That's not correct. To get a generic approved you don't have to show a therapeutic effect. You only have to show bioequivalence: a similar blood concentration time curve for the active ingredient.


If the therapeutically value of an excipient is that they change the absorption rate of the active ingredient, then that effects the bioequivalence of the drug. For example, comments in this thread refereed to different sized particles in inhalers which can have a direct effect on absorption rates.

If we disregard the therapeutic effect from the rate and extent that the "active ingredient or active moiety in pharmaceutical equivalents or pharmaceutical alternatives" reaches the site of drug action, what is left to change the therapeutic effect?

The point is that you don't need to show that the therapeutic effect is the same, you need to show that you expect the therapeutic effect to be the same. The trials required to prove the latter are orders of magnitude simpler, faster and less expensive.

Yes, there's more to a treatment than the API (Active Pharmaceutical Ingredient) which is used to prove bioequivalence. The excipients aren't typically considered relevant, especially when they're on the GRAS list.

One of my former colleagues once made a "drug" where the excipient actually was therapeutically valuable while the listed API was barely better than placebo. Luckily we didn't submit it for approval.

>One of my former colleagues once made a "drug" where the excipient actually was therapeutically valuable while the listed API was barely better than placebo. Luckily we didn't submit it for approval.

That seems... ridiculously illegal.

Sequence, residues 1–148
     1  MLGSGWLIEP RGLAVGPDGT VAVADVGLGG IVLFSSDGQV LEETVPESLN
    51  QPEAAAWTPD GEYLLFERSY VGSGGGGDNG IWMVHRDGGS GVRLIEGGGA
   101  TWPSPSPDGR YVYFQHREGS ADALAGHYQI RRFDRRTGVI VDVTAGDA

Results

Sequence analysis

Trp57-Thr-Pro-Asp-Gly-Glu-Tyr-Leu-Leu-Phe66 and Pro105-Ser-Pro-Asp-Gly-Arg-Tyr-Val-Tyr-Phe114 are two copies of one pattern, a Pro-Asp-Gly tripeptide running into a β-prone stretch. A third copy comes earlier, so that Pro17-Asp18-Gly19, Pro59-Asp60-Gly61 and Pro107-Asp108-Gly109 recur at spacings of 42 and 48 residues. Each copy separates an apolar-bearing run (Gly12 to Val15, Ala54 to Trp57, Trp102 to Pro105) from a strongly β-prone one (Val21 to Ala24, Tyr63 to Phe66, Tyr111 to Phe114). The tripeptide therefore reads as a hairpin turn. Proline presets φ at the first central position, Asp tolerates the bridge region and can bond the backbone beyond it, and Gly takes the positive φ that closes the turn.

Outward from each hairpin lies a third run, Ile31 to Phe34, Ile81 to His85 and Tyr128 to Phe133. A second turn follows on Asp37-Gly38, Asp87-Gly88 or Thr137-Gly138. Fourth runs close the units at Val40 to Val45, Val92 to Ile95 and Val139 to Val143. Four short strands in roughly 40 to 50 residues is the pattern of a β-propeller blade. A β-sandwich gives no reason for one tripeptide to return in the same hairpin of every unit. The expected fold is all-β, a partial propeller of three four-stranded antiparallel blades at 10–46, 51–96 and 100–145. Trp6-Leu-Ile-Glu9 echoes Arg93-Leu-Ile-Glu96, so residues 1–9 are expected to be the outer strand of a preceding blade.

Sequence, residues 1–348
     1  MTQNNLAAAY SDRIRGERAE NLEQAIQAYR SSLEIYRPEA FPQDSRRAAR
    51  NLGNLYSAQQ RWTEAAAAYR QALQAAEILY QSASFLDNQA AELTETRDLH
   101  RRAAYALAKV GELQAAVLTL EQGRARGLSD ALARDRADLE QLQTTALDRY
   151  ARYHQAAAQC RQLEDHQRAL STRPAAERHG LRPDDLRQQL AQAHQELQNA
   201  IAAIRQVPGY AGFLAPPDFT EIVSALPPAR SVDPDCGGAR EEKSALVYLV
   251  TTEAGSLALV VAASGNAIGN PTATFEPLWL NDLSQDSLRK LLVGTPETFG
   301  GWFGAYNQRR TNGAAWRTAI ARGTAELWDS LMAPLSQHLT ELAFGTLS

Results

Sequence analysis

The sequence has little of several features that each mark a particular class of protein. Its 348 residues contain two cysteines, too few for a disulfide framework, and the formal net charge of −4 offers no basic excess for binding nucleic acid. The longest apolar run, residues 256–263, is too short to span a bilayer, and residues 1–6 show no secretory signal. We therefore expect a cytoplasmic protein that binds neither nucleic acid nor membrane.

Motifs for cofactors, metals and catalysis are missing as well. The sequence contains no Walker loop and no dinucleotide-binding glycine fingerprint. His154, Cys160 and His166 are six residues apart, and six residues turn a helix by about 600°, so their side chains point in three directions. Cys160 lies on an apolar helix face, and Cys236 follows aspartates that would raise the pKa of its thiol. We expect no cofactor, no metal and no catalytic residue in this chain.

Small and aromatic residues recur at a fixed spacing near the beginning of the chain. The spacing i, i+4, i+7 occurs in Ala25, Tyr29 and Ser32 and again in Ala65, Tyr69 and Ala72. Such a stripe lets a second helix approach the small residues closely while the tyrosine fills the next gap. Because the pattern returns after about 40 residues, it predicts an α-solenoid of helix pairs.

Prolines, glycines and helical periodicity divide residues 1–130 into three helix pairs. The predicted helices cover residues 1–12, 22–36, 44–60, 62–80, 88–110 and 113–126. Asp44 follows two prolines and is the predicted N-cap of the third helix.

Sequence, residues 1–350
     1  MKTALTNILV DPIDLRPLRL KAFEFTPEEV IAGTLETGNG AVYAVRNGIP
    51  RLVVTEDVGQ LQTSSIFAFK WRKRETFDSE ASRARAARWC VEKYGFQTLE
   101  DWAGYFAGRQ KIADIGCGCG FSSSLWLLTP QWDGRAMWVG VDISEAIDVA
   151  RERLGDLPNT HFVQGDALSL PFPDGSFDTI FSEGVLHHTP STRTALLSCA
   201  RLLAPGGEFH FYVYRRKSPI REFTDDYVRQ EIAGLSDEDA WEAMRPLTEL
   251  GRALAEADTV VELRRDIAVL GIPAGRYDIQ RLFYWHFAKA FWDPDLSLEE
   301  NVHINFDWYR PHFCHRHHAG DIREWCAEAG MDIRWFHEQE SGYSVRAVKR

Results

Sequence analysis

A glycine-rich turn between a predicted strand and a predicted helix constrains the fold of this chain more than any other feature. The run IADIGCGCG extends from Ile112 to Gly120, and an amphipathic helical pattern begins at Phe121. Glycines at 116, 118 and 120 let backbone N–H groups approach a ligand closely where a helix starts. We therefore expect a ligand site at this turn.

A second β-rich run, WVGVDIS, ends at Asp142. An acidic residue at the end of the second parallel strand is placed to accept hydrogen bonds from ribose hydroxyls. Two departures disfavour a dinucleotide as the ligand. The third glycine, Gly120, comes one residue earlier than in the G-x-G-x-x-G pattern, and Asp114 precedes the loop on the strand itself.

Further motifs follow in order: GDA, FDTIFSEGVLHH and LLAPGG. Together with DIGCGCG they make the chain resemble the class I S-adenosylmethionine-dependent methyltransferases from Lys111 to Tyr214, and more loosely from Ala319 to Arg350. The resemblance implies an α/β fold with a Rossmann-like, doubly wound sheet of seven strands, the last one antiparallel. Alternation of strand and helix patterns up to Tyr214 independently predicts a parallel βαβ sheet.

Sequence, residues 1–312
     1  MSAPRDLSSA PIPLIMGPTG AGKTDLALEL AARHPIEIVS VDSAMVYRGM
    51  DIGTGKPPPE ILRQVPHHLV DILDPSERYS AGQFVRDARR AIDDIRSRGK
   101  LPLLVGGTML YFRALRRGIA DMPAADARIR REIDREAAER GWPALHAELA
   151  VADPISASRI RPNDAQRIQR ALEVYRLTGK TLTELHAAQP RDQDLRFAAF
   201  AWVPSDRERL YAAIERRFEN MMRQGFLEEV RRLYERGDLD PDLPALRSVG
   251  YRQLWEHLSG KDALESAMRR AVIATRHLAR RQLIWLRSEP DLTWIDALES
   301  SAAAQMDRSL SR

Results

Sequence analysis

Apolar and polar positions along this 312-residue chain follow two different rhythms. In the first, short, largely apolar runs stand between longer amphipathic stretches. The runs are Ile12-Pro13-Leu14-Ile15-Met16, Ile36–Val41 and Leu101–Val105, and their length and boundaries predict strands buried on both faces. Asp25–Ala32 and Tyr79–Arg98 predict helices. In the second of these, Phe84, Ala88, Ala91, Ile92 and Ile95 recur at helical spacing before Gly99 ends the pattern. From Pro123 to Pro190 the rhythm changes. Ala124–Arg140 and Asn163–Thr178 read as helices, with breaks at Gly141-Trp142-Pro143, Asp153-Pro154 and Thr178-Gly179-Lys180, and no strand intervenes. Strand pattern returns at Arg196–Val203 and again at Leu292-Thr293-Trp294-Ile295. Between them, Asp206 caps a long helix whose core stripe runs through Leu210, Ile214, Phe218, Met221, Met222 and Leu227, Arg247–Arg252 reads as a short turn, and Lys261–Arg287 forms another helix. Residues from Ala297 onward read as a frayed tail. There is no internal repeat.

Why should it be illegal? The submission process would be the same. The reason I sail "luckily" was just that it would be complicated.

I believe there are some topical OTC drugs that work this way :-(

Or did you think making unlicensed drugs is illegal? Of course it isn't -- that's what drug development IS. It's not legal to give such a drug to humans without a valid IND that hasn't been rejected by the FDA but formulating, doing in vitro testing and animal in vivo testing is all perfectly legit.

There are studies showing that some generics don't perform as well as the brand name. Different formulations of the same drug (e.g. extended release medications, different sized particles in inhalers, etc) can have vastly different effects.

Yes, in the specific case of Valproic Acid, a powerful mood stabilizer used for schizophrenia. The generics are different salts, metabolize differently, and different patients typically end up preferring one. If you like one of the two generics, great! If your body best tolerates the name brand... oops.

Yes, the coating on extended release drugs can be very sophisticated:


It should be noted that inn that article, the FDA concluded that this meant that the two drugs were no longer bioequivalence. At that point, you don't have a brand and a generic drug but rather two different drugs that just happen to have similar ingredients.